DENVER, COLORADO – OCTOBER 10: Nazem Kadri #91 of the Colorado Avalanche sets up a shot on goal against the Boston Bruins in the second period at the Pepsi Center on October 10, 2019 in Denver, Colorado. (Matthew Stockman/Getty Images)
This year, there’s perhaps no center on the market who will get a bigger bag than Nazem Kadri.
In addition to his Stanley Cup championship with the Avalanche, the 31-year-old Kadri is coming off a career-year that included 28 goals and a career-high 59 assists and 87 points. Kadri also established career-best marks in power-play points (29), shots on goal (247), and averaged a career-best 19:15 of time on ice per night.
Kadri kept that pace in the postseason, too, with seven goals and 15 points in 16 playoff games, and with thumb surgery in the middle of that run.
In other words, Kadri is indeed going to get paaaaaaaid. And the Bruins are one of the teams that could pay him.
“The number I hear is it starts at eight and it could go as high as 10 [million],” Sportsnet’s Nick Kypreos said in an interview. “The teams that I’m hearing out there, two teams that can stroke that cheque right now are Seattle and the Boston Bruins.”
Kadri is a fit for the Bruins’ needs, no doubt. The team needs a second-line center, and they could also use a player that brings the two-way tenacity of Kadri to help ease the burden on Patrice Bergeron and Brad Marchand. Kadri would especially help Marchand, too, as the Bruins would have one more forward teams would have to worry about getting under their skin. (Though it goes without saying that Kadri, much like Marchand, has had an issue with walking that line.)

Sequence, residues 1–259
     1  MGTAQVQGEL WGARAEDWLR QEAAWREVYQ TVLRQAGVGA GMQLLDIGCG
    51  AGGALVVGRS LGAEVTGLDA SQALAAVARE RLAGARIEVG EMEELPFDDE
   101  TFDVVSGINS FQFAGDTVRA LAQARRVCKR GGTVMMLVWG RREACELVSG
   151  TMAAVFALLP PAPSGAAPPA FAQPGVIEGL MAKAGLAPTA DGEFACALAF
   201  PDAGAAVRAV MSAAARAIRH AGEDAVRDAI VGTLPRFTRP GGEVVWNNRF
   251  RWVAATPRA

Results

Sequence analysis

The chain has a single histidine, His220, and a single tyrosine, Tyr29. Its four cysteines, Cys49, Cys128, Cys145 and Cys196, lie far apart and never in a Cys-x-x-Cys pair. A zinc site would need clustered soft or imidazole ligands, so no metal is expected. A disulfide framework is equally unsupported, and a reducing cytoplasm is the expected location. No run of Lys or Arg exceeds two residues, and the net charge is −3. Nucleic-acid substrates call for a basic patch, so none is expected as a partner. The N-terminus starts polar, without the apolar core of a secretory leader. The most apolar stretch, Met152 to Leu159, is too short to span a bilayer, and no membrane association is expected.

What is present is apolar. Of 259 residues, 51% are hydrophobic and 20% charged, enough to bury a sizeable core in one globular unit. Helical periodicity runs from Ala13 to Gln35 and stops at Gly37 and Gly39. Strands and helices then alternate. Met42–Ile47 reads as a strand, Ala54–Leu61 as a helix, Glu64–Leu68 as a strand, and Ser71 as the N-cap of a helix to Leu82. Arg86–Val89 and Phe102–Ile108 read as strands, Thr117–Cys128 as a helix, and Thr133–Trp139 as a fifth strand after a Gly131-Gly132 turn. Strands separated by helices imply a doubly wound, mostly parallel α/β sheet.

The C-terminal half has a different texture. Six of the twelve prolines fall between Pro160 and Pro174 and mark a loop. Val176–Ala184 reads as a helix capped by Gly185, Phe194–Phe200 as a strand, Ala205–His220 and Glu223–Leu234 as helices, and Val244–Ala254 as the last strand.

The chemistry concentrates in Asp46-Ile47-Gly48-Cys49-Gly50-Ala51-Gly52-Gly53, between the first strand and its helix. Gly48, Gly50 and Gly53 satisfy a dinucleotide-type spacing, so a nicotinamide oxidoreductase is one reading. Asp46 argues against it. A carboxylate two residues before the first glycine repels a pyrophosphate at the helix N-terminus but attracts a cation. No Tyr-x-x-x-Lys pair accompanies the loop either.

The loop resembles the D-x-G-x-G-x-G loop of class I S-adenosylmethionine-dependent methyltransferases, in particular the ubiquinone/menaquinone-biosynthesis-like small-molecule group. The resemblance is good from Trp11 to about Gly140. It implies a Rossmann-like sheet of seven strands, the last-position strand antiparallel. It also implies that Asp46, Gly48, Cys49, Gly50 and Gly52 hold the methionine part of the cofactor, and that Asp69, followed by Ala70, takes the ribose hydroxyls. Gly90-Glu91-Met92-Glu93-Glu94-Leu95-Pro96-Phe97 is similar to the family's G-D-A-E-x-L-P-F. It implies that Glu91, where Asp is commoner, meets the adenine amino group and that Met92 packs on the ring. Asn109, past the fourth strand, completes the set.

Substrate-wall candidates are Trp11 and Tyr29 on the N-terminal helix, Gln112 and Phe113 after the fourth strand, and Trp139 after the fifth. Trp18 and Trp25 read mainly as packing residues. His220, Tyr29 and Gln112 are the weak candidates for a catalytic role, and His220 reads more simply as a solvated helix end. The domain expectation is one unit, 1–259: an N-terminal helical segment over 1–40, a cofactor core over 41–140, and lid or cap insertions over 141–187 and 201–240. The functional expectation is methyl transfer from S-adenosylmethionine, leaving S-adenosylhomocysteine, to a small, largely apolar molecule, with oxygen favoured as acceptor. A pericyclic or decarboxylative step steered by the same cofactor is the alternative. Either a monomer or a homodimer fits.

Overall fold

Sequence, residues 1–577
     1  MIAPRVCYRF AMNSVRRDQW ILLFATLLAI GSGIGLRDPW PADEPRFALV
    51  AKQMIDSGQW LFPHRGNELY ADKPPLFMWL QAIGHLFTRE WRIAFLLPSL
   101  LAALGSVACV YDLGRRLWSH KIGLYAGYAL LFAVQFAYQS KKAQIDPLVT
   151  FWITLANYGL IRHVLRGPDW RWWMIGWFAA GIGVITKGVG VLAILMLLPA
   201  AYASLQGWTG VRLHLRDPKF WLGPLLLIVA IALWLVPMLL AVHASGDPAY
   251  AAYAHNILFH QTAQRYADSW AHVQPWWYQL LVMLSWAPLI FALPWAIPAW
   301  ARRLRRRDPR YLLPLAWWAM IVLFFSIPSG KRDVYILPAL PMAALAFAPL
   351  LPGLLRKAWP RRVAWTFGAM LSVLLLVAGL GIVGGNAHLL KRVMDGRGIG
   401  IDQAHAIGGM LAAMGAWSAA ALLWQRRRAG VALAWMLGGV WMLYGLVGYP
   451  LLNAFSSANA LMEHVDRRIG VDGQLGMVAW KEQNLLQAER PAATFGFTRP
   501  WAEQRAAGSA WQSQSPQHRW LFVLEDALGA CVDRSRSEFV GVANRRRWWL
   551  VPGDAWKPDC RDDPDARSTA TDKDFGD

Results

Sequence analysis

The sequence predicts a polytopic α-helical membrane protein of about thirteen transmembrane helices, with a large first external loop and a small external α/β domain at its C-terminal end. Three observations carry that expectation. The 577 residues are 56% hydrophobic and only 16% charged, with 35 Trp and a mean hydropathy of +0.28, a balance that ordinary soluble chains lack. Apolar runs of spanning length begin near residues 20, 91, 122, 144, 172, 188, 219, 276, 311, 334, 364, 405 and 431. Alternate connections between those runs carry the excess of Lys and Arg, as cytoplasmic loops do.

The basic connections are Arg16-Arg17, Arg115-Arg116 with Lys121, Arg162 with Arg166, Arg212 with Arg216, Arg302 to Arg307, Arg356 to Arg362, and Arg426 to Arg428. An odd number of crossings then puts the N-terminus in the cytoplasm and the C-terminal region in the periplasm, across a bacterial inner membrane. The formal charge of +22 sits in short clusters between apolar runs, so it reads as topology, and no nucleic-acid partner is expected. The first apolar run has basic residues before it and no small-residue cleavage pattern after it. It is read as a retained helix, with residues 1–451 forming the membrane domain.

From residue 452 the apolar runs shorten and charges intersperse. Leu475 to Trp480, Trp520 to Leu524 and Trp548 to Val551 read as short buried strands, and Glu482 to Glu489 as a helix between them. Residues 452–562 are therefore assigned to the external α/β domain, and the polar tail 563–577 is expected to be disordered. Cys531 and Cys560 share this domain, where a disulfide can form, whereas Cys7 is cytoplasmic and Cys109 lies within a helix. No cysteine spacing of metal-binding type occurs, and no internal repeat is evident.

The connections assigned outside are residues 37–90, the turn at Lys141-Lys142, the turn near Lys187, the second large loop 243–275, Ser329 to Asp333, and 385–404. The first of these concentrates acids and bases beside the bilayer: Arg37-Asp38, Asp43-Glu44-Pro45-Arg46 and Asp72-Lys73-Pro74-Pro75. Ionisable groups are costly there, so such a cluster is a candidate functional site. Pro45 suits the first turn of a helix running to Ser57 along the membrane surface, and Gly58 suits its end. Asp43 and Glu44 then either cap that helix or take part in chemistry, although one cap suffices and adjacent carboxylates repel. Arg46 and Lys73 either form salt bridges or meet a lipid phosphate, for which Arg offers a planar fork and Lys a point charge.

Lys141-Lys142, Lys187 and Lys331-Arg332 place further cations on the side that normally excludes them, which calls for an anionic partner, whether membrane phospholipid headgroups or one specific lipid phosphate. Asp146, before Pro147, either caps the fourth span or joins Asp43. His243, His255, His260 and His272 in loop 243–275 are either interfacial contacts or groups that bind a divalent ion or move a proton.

But $8-to-10 million is a big, big ask.
And contrary to what Kypreos is saying, it’s not possible for the Bruins to sign that check without moving money out.
For the Bruins, who currently have less than $2.5 million in cap space, that would likely mean moving out Mike Reilly ($3 million), Nick Foligno ($3.8 million), and Tomas Nosek ($1.75 million) at the very least.It’s no secret that some of those contracts will be harder to move than others, and that the returns will be minimal at best, and that’s assuming it doesn’t require eating money, which seems hard to believe when it comes to Foligno, for example.